Well, Microsoft has been busy while we were all enjoying the holidays!
For those who aren’t in the know about Windows Azure, that’s the name that Microsoft has given to its nascent Cloud platform. Right now, the only publicly available components are SQL Azure and Azure Storage, which host SQL databases and cloud-based data storage, respectively.
Over the last couple of weeks, however, Redmond has announced that the upcoming Azure VM Role will support many other applications that can run in a Windows 2008 R2 Virtual Machine – which was expected – and also Linux Virtual Machines. This last bit was quite unexpected to many, but a welcome holiday gift from Microsoft.
Azure is going head to head with major cloud service providers like Amazon (AWS, EC2, etc.) and RackSpace; so offering Linux capabilities is a welcome move. Without Linux support, Azure was risking becoming a niche platform that would only be useful for basic Windows operations and Microsoft SQL databases.
Azure VM will be based on the Windows Hyper-V technology platform, extending that platform into the cloud. Today, Hyper-V and Hyper-V Server are slowly gaining ground in the corporate datacenter, but have not fared well against the major players like VMware. Since most cloud rollouts will be net-new implementations, Microsoft has a much better chance of becoming a large fish in a small pond by rolling out a solid Infrastructure as a Service (Iaas) platform with the Azure VM initiative, joining the Application as a Service and Database as a Service platforms already in Azure.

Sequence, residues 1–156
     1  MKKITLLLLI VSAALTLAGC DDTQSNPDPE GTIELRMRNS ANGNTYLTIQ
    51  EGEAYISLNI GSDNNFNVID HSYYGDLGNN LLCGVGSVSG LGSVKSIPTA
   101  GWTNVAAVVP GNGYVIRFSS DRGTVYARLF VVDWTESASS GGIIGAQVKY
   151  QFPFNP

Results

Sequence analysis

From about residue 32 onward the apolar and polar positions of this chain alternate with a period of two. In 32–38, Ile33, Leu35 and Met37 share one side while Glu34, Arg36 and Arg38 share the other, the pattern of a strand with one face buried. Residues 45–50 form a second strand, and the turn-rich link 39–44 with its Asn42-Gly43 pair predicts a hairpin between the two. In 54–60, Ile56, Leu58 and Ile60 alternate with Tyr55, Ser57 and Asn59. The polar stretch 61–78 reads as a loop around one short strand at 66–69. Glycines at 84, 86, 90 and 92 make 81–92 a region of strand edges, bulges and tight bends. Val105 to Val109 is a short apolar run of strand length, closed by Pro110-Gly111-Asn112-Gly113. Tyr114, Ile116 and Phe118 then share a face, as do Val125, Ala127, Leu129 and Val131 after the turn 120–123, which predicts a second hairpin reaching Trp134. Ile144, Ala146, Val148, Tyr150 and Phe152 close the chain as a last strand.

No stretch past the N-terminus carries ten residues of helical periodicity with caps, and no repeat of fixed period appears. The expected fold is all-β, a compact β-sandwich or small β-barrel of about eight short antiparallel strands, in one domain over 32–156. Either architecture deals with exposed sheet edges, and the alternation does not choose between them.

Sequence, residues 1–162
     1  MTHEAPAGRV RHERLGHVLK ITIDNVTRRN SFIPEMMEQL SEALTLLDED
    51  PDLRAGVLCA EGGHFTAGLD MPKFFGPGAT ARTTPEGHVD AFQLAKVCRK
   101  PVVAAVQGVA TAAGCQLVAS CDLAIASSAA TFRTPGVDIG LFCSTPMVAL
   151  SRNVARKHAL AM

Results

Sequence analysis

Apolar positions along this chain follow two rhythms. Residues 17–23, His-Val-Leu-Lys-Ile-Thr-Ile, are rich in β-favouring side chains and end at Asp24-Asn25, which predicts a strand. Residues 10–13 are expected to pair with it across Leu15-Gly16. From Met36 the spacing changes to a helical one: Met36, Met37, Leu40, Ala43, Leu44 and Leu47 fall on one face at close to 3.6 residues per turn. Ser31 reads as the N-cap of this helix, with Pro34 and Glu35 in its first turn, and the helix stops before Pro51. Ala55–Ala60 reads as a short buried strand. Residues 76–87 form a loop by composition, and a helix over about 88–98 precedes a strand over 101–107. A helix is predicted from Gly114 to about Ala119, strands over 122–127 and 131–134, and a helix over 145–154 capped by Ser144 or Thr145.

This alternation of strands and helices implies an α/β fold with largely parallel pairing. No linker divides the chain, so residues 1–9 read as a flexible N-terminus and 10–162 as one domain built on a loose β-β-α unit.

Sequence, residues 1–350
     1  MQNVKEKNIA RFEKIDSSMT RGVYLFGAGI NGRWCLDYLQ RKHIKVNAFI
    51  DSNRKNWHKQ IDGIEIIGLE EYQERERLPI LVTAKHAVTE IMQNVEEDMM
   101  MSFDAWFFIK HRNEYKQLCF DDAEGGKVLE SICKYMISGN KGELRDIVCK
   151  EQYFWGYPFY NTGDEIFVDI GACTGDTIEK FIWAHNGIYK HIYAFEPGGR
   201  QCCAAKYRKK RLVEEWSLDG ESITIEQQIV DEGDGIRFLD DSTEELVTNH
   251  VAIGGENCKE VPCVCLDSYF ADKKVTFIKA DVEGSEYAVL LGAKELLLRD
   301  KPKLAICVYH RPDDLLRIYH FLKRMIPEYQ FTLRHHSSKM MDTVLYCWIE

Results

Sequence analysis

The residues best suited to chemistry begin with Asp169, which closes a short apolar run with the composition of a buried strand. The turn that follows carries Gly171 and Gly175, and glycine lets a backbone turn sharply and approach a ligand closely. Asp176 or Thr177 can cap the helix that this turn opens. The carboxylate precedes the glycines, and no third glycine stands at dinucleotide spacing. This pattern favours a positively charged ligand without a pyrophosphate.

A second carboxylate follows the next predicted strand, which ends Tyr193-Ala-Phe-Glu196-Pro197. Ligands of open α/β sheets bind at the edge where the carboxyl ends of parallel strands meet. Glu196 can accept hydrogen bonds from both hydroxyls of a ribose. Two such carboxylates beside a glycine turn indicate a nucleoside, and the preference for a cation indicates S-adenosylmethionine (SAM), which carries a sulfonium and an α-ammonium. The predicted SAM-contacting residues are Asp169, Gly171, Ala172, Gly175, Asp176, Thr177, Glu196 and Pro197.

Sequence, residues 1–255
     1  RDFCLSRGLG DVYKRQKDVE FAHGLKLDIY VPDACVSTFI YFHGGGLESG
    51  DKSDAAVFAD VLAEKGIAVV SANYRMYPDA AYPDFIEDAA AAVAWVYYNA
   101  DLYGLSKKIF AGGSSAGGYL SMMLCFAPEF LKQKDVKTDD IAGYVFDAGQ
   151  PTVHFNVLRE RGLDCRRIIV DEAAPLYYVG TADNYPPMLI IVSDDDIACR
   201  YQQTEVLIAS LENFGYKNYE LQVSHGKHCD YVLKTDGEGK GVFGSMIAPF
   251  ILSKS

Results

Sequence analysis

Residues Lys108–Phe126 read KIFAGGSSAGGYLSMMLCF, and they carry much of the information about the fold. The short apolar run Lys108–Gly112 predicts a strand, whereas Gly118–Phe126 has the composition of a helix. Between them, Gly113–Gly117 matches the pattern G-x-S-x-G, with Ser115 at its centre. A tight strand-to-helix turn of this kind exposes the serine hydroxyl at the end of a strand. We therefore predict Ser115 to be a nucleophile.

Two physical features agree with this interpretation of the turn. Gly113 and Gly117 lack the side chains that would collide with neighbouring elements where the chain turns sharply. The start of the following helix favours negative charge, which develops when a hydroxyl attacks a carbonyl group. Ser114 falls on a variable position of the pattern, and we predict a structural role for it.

Now, there’s no official release date for the Azure VM Role, but it is in beta as I write this, so it does look like it will be launching at some point this year. How much of an impact Microsoft makes in the Cloud world is still to be seen. But, with the addition of multiple OS support, Azure just took one giant leap toward becoming a major player in the cloud space.